Stow Acres Turf

Golf Course Maintenance News & Live Updates from @stowacresturf


2 Comments

A Necessary Evil… (Not aeration)

Last week, you saw a process get done to the putting greens that was done this time last year. In simple terms, we dethatched the greens. Although the concept is similar to aeration in the spring time, it certainly doesn’t take the place of it. In fact, it removes more surface material than a traditional aerator would. It allows for each putting green to be treated with sand and it gives the sand a little slit to nestle into. The machine is called a Rotadairon. A very detailed explanation can be seen here on their website. The service was provided by Mike Parks from Hillcrest Turf Services (http://www.hillcrestturfservices.net) located right here in Massachusetts. The purpose of running this machine over all 39 greens is to remove the “thatch” layer that builds up over the duration of multiple golf seasons. Although we aerate the greens every year, that machine only pokes holes and removes material 2″ on center (process can be read about here). Sand is then applied to fill the holes in. However, the Rotadairon cuts into the surface approximately 0.5″ – 0.75″ over a 53″ width. It collects and removes all of the thatch material allowing for immediate air exchange to the roots and improved surface drainage. During the process last week, we mowed the greens, ran the Rotadairon, mowed the greens again to remove the very little debris left behind, blew off the collars, rolled the green, topdressed, fertilized, and watered-in. The topdressing sand is a 1mm sand. This is used because it has a much larger pore space than thatch or traditional soil. The sand will allow for the bent-grass plants to continue to creep and become more dense. This week, we are topdressing again and fertilizing again with a slightly different material. Overall, the achieved result is a firmer, faster, healthier putting green. With the right weather, the greens will be near perfect again by the weekend. Apologies for the short inconvenience. Below, are a few pictures and videos of the machine in action! See you on the course!

The attachment is a PTO driven attachment with over 100 blades!

The attachment is a PTO driven attachment with over 100 blades!

An underneath view of the machine.

An underneath view of the machine.

An up close  look at the green surface after the Rotadairon has passed.

An up close look at the green surface after the Rotadairon has passed.

Clip from 1 North green

Clip from 1 North green

-Jason VanBuskirk, Superintendent

Advertisements


Leave a comment

Getting ready for summer…

This warm weather stretch over the next few days is certainly going to make it feel like summer. This spring, the staff has been diligently preparing the turf for the summer heat with the varying cultural practices and products applied to the turf on what has seemed like a daily basis. Our latest process, de-thatching, provides immediate surface drainage. This, combined with a rinse-in spray yesterday will help stabilize the moisture in the soil allowing distribution evenly to the entire root zone. Although April and most of May were dry, nature definitely caught up and provided us adequate precipitation over the last two weeks.  We had only 30% of the average rainfall two weeks into May,. By looking at this chart, you can quickly see that we are right on pace for average. May 2013 weather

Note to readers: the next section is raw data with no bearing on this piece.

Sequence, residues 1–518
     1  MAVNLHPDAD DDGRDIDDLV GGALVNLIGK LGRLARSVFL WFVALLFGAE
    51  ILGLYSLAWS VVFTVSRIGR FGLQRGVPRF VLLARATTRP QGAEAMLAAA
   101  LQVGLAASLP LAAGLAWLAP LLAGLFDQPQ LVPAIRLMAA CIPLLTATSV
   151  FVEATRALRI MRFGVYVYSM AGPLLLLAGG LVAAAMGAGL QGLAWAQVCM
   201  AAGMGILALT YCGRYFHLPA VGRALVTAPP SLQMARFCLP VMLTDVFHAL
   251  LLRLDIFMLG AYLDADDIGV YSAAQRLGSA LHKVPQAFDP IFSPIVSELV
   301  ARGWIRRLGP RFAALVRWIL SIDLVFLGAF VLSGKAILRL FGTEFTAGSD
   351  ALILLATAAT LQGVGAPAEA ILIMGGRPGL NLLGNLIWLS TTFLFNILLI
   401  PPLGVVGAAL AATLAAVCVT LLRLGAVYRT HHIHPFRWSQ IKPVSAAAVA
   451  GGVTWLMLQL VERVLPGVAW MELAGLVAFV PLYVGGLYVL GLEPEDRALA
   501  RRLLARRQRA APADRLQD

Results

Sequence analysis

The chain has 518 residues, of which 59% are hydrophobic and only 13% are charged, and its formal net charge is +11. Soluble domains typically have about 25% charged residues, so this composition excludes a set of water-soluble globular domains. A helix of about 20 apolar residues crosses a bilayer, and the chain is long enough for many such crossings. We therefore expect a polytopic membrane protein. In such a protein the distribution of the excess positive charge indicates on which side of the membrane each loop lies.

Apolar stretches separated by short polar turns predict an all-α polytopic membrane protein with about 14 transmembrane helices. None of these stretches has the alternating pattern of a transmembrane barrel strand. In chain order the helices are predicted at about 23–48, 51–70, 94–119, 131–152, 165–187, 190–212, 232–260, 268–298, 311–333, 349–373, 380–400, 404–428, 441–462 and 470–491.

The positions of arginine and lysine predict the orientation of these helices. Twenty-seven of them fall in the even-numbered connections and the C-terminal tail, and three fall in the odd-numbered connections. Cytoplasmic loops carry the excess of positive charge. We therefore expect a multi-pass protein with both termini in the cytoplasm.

Rain is great for the course in the spring months, but it can certainly play an effect on ball roll. There are many factors one must consider when talking about green speed.  Factors such as type of soil, soil moisture content, weather, morning dew, time of year, fertility, height of cut, grass variety, amount of topdressing, and rolling the green can all contribute to how far the ball will roll.  However, the biggest factor that is sometimes uncontrollable is the weather.  Unpredicted rain events can sometimes make managing the soil moisture content very difficult.  To fight against these weather events, research and science has provided the turf industry with products such as wetting agents.  Wetting agents have multiple purposes, but the most important role is drawing the water down in the soil profile, firming the surface, and providing a re-wetting factor for the soil and turf.  For more information on the wetting agent products please watch this short clip:

From approximately Memorial Day to Labor Day, we try to maintain the green speed at a very consistent level; only changing consistency to make the greens faster for major events.  There a few ways to increase speed, but the most important factor is making sure your turf can handle this change.  Root stability, overall plant health, and the right amount of moisture everyday will help allow for the turf to be tweaked during the time of an event.

Thank you for your patience as we slowly climb out cultural practice season. The turf will soon regain its near flawless playability. See you on the course!

-Jason VanBuskirk, Superintendent